The Joint Center forecasts that increases in the numbers of immigrants, seniors and non-family households, especially as the high-end market segment returns, will ensure solid growth in remodeling activity over the coming decade, thereby producing a more balanced and sustainable pace of growth.
Additionally, the rising fuel prices and growing interest in “green” alternatives have helped drive demand for remodeling that pays back homeowners in terms of energy savings and healthier overall living environments.
Certainly, kitchen and bath professionals can expect to face some challenges in the coming year (see related story, Page 60). After strong growth earlier this decade, where low financing costs and strong returns to house values encouraged upper-end remodeling projects, many homeowners are putting their remodeling projects on hold until the market stabilizes, analysts say.
However, “When the industry emerges from its current slowdown, investments in older homes that missed the last round of home improvements, the desire for energy efficiency retrofits, and growing pressure to upgrade the rental stock will ensure a healthy recovery,” observes Nicolas P. Retsinas, director of the Joint Center for Housing Studies.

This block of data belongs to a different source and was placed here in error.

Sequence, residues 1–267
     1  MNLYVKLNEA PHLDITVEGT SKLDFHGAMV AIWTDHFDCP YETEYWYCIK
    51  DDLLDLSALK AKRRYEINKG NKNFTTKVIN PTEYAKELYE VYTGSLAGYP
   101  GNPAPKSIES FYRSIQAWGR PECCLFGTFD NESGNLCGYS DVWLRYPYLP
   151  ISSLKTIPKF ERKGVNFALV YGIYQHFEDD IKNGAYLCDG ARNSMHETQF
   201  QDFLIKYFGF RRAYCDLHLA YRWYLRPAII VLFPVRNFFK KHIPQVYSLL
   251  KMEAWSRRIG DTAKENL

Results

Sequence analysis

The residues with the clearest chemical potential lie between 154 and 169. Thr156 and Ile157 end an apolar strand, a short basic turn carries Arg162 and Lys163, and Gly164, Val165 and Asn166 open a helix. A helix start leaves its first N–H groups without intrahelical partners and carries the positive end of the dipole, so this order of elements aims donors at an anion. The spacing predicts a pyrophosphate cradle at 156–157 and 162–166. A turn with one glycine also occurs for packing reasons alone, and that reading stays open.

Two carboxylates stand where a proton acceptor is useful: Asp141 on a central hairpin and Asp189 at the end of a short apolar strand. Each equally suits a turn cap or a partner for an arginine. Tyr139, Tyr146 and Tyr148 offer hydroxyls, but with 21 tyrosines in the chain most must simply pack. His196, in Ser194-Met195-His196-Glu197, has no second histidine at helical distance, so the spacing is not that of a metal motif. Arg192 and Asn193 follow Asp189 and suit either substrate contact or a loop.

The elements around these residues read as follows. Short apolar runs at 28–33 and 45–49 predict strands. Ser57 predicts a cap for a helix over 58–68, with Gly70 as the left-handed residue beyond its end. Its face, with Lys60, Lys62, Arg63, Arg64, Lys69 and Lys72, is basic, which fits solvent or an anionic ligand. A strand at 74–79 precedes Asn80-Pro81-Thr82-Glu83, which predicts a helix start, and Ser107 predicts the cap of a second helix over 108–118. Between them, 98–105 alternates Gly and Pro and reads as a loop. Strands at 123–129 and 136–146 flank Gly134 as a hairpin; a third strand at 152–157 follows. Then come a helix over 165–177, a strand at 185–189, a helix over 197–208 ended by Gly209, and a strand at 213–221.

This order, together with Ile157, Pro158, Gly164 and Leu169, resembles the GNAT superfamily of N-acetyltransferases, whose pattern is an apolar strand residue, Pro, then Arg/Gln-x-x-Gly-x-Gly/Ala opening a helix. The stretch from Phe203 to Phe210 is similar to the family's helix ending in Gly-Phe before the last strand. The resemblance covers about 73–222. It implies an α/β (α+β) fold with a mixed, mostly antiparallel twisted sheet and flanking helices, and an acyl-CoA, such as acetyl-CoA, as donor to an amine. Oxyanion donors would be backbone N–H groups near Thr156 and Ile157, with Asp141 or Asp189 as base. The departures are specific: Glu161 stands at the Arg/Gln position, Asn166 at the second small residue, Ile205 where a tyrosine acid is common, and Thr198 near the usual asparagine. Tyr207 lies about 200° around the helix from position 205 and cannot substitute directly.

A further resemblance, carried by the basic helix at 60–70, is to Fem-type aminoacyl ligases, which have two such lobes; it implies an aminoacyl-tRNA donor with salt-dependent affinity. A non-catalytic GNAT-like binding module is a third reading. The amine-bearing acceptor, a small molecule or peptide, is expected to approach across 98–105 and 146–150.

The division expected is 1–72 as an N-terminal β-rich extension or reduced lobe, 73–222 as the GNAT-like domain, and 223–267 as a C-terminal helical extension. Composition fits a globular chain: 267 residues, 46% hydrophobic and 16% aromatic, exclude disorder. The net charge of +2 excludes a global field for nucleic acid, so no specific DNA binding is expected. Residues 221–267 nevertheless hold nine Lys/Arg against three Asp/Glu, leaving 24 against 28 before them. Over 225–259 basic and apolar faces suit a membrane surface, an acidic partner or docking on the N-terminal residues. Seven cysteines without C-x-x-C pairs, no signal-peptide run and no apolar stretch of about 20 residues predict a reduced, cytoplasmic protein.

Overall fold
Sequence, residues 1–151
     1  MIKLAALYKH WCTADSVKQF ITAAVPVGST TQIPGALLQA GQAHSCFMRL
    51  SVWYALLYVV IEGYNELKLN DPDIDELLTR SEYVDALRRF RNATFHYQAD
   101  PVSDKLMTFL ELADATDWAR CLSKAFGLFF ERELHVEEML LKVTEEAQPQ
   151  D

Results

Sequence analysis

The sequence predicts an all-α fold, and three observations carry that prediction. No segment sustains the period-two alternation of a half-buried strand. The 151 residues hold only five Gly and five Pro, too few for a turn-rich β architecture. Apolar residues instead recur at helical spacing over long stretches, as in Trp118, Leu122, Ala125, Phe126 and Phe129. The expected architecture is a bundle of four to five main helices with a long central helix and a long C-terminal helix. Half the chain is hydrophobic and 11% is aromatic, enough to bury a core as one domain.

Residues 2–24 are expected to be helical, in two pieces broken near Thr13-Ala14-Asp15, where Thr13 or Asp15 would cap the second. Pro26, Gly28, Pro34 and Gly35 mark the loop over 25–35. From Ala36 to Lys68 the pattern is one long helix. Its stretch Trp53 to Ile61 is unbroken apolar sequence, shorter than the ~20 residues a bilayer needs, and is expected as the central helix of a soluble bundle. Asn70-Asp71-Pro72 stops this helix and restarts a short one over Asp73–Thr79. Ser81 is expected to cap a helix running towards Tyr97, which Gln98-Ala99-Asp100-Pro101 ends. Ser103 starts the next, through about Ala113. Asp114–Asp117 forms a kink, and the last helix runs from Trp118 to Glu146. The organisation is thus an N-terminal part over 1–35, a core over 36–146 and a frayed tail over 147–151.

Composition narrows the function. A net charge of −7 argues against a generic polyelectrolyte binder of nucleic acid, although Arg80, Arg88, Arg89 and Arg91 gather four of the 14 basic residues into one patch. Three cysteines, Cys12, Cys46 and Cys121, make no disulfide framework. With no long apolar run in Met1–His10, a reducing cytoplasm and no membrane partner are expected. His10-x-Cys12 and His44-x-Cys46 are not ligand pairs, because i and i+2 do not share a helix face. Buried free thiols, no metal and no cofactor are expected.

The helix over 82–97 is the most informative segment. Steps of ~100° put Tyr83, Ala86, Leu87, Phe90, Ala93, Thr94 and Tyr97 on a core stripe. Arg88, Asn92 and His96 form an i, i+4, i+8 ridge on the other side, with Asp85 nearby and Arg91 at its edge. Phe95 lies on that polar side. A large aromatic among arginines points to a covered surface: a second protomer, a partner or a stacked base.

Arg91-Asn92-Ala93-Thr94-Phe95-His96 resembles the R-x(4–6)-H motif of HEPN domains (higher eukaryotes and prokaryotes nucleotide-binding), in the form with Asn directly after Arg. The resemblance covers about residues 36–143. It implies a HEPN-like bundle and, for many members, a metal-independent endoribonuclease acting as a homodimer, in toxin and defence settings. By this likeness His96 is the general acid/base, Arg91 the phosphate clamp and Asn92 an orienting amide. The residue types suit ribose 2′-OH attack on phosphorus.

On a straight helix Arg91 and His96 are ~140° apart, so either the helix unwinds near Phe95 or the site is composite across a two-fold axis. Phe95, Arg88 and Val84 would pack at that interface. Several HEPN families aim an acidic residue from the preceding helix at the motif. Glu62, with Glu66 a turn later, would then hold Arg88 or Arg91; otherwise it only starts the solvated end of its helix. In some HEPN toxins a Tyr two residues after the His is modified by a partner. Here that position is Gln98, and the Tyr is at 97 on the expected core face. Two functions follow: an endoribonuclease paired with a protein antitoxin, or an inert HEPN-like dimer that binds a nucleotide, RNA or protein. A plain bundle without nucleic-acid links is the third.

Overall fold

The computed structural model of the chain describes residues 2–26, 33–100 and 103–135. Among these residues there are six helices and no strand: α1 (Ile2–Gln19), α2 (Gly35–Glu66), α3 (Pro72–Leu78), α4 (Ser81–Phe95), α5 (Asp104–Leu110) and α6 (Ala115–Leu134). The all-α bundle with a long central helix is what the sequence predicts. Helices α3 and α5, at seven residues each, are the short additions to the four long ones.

The recent slowdown in home sales also means owners are staying in their homes longer, thereby changing the makeup of home improvement spending. “Recent buyers often focus on updating their kitchens and baths as well as adding rooms or making structural changes,” remarks Amal Bendimerad, a research analyst at the Joint Center.
The numbers seem to support this. At press time, NAHB noted that remodeling activity held up well during the third quarter of 2007 according to its Remodeling Market Index (RMI).
“Buoyed by continuing strong demand for minor additions and alterations, the remodeling market is expected to end the year in pretty good shape,” says NAHB Remodelers Chairman Mike Nagel, CGR, CAPS, a remodeler from Chicago. “Though down a bit from the previous quarter, the remodeling market is not experiencing the dip in production and sales being seen by the industry’s new home building sector.”
Despite the continued resiliency of the kitchen and bath sector, however, the current housing slump has clearly had a negative impact on the market, specifically in the area of product shipments.
“Up until now, we have only seen a fraction of new housing’s impact,” notes Dick Titus, executive v.p. of the Kitchen Cabinets Manufacturers Association.
The Reston, VA-based KCMA had reported some 120 consecutive months of cabinet industry growth through November, 2006. Since then, however, KCMA members have posted a series of monthly declines that stretched into last October, the last month for which statistics were available.